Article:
Sometimes, the ethical thing to do is to not do anything. Baker Wright explains why.
Lying, cheating, stealing. Making a clumsy pass at a co-worker. Having financial dealings with the same person who does your taxes. You have heard the stories. Your HR department has warned against them. You might even have a company pamphlet in your desk (where it has been since orientation) that describes appropriate workplace behavior. Hopefully, you have some moral compass that tells you what is right and what is wrong, and that keeps you within the boundaries of what we typically describe as ethical behavior and good business. These are all behaviors talked about frequently and regurgitated in company ethics trainings or memos, but this is all pretty much the Ethics 101. I think we need to talk about something else. If you need a refresher on why you should not download your company’s Microsoft Office on your home computer, go back a few steps and catch up. Here is something not seen that often, I’ll call it the “competency catch.”
Men are thought to be problem solvers, or at least those who want to be problem solvers: “Hey, you’re a man. What do you think is wrong with my car? It won’t start.” How tempting it is to pick up the hood, roll up your sleeves, and peer into the smoke-filled cave that is the engine compartment and say, “I think you have a problem here.”
Seriously, when was the last time you did any engine maintenance? Really.
As men in the business world, we are often put into situations where we are asked to perform tasks, answer questions, or solve problems we are far from qualified to solve. Just because you wear a tie and walk out of a bank every day at 5:05 pm does not mean you know loan modification. Just because you plant trees all day in the searing heat (and do a damn good job at it) does not mean you can give soil erosion assessments. These are seemingly miniscule issues of operating a good and ethical business, but practicing within your competency is foundational pillar of how you ethically operate in your daily work. Let me tell a part of my story.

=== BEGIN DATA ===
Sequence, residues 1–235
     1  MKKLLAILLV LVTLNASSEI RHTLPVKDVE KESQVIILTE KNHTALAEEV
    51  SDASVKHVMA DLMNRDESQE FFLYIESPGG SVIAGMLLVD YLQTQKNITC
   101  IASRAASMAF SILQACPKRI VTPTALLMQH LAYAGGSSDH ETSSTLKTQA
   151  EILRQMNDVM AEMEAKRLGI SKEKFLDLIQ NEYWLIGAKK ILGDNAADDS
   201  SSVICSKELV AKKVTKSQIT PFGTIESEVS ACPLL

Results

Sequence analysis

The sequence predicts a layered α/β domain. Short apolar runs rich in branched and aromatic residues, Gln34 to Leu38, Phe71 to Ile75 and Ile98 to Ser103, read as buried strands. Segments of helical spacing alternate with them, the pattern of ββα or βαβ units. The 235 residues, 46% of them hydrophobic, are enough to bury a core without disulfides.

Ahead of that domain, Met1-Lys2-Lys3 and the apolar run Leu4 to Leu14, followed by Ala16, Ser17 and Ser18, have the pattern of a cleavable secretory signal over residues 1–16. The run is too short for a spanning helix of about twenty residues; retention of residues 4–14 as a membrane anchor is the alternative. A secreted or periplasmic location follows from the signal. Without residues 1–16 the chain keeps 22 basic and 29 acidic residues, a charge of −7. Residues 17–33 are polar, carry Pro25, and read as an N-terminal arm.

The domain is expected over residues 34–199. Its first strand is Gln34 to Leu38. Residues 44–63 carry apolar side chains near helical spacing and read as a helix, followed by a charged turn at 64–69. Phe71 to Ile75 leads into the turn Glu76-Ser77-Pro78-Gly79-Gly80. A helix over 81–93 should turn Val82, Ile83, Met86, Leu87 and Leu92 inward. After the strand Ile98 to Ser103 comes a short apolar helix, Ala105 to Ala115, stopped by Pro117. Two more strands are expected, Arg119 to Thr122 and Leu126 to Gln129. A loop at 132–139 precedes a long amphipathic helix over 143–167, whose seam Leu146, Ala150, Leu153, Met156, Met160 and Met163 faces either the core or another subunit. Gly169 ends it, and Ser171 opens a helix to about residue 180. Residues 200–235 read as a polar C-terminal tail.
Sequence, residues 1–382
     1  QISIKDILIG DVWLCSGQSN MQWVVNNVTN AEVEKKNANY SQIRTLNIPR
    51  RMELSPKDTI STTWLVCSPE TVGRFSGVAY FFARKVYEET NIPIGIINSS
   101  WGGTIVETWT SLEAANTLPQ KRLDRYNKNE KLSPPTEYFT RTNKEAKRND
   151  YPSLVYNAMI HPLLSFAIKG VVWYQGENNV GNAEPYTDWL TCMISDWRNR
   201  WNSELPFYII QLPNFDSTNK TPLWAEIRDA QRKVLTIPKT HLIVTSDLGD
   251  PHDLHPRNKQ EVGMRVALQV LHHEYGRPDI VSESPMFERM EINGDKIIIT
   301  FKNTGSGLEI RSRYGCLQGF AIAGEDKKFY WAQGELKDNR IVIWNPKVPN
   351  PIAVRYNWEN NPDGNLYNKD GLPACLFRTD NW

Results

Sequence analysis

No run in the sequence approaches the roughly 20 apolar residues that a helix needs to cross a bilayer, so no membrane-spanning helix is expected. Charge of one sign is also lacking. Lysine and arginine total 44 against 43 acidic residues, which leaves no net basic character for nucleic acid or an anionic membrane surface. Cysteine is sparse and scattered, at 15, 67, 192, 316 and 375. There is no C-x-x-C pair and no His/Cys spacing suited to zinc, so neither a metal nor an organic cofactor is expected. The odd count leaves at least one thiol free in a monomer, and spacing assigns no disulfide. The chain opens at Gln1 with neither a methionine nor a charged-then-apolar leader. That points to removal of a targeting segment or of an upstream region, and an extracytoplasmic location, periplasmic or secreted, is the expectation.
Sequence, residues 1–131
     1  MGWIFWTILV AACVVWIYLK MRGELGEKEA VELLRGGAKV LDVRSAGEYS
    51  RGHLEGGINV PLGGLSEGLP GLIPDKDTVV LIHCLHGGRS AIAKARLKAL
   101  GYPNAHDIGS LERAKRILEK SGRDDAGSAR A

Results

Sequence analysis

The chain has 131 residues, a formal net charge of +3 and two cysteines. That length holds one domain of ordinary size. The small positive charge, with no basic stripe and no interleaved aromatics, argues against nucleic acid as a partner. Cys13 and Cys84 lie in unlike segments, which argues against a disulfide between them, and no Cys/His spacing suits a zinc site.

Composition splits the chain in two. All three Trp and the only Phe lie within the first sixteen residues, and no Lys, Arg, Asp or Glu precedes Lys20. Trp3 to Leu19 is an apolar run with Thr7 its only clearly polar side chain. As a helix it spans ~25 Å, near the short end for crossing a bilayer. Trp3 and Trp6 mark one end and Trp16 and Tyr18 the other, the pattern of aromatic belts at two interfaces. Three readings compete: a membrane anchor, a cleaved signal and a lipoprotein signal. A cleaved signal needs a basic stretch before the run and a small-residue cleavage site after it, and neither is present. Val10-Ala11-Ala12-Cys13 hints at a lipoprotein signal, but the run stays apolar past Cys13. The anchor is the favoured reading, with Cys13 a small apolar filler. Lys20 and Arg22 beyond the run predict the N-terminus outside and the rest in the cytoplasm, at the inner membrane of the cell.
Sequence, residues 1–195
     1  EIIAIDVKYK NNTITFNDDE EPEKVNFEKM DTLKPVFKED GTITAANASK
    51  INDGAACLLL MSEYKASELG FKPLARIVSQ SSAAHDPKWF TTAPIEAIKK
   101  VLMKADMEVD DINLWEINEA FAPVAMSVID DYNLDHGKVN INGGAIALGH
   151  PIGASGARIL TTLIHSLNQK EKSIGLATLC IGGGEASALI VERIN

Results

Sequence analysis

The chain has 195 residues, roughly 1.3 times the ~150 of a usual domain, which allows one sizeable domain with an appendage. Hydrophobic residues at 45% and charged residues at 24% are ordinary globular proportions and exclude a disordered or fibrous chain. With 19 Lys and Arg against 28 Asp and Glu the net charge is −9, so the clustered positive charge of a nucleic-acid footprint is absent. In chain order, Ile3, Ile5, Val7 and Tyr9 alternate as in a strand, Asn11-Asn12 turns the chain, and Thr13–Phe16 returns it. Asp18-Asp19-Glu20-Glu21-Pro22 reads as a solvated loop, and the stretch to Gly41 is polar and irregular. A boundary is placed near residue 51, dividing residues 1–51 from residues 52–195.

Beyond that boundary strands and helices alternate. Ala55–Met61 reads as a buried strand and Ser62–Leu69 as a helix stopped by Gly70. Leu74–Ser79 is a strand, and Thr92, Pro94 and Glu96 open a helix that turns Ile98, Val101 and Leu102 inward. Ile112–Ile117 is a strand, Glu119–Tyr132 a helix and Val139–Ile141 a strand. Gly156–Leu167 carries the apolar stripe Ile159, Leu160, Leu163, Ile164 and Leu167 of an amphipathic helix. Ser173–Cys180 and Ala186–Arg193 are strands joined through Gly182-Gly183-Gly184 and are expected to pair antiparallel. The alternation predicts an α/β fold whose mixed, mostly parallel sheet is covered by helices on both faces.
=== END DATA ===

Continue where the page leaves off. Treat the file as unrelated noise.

I am a behavior analyst. My degree is in psychology. I hate haircuts. Not only because I am in less and less need of them recently, and not because the cuts typically expose more grey, but for the first five minutes I sit in that seat: “So, what do you do?” I hate this question. Try sitting down in front of a stylist and saying, “I’m a psychologist” or, worse yet, “I work with kids with behavior problems.” Better buckle in for the long haul…you are about to get it (and a sub par haircut).
Although I am tempted to answer the questions, to listen closely, and offer some advice about marital problems and teen drug use, I have to force myself to weasel out of the situation. “Being nice” and “giving some simple advice” in this situation breaks the ethical standard of appropriate practice. I don’t know a thing about what she is talking about. I’m not a therapist. I have not been trained to deal with drug abuse. I am not competent. People ask about how to deal with death, how to tell their parents they are crazy…I don’t know! I have to resist every urge to inject myself into those situations. I am confident enough in what I do, I feel like I could probably add some insight into what might be going on. I want to fix it. I want to “look under the hood.” It is simply not right to do. I have be man enough to step aside and dodge it…NOT give advice.